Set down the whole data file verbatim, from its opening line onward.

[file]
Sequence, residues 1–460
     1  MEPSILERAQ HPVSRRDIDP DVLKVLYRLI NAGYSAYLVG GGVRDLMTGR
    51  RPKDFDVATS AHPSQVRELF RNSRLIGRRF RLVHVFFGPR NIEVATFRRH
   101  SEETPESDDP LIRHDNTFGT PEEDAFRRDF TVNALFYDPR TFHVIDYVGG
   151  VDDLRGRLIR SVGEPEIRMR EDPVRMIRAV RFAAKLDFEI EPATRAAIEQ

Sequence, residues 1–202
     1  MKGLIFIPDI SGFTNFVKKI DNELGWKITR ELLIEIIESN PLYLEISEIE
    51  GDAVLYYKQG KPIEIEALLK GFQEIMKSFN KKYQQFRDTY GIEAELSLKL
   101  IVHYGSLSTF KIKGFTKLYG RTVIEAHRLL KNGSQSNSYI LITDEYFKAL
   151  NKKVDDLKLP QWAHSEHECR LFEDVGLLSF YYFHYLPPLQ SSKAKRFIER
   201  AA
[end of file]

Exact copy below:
Sequence, residues 1–460
     1  MEPSILERAQ HPVSRRDIDP DVLKVLYRLI NAGYSAYLVG GGVRDLMTGR
    51  RPKDFDVATS AHPSQVRELF RNSRLIGRRF RLVHVFFGPR NIEVATFRRH
   101  SEETPESDDP LIRHDNTFGT PEEDAFRRDF TVNALFYDPR TFHVIDYVGG
   151  VDDLRGRLIR SVGEPEIRMR EDPVRMIRAV RFAAKLDFEI EPATRAAIEQ

Sequence, residues 1–202
     1  MKGLIFIPDI SGFTNFVKKI DNELGWKITR ELLIEIIESN PLYLEISEIE
    51  GDAVLYYKQG KPIEIEALLK GFQEIMKSFN KKYQQFRDTY GIEAELSLKL
   101  IVHYGSLSTF KIKGFTKLYG RTVIEAHRLL KNGSQSNSYI LITDEYFKAL
   151  NKKVDDLKLP QWAHSEHECR LFEDVGLLSF YYFHYLPPLQ SSKAKRFIER
   201  AA